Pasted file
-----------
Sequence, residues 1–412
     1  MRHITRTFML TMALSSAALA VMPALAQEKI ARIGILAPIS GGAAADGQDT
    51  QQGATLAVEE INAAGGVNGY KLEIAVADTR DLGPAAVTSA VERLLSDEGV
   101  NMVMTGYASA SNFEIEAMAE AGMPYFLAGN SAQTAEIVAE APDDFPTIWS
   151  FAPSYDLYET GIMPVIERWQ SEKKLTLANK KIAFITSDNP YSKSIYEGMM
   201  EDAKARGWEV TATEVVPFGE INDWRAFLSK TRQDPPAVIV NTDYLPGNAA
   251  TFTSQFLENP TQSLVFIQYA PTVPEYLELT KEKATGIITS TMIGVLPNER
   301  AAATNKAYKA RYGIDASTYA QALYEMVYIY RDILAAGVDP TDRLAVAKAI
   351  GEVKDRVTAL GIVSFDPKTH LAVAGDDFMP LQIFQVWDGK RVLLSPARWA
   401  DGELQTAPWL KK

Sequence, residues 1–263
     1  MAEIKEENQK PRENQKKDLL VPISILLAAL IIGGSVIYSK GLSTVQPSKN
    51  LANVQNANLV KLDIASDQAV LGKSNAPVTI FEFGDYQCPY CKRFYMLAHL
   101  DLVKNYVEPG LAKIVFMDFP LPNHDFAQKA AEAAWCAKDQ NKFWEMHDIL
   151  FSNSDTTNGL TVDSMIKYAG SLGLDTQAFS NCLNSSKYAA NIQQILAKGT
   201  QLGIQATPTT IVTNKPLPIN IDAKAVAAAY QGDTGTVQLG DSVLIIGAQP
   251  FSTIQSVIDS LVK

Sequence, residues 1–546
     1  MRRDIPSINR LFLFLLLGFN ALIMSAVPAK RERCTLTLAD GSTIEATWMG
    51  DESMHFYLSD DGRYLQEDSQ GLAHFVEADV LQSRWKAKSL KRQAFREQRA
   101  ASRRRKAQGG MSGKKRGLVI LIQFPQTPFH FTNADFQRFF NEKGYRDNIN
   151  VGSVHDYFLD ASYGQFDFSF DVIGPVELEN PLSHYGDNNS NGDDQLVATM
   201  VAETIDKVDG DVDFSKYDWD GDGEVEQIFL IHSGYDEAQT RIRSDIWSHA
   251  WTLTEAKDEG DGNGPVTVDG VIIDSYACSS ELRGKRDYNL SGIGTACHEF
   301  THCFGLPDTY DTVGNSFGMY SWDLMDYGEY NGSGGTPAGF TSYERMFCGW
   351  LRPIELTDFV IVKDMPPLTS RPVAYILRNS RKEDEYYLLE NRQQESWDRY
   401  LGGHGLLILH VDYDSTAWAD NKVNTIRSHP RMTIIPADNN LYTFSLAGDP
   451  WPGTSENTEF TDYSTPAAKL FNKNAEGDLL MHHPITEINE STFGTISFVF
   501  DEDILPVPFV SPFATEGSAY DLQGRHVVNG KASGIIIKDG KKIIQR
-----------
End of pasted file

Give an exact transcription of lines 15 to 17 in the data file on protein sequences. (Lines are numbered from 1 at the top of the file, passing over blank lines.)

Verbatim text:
   151  FSNSDTTNGL TVDSMIKYAG SLGLDTQAFS NCLNSSKYAA NIQQILAKGT
   201  QLGIQATPTT IVTNKPLPIN IDAKAVAAAY QGDTGTVQLG DSVLIIGAQP
   251  FSTIQSVIDS LVK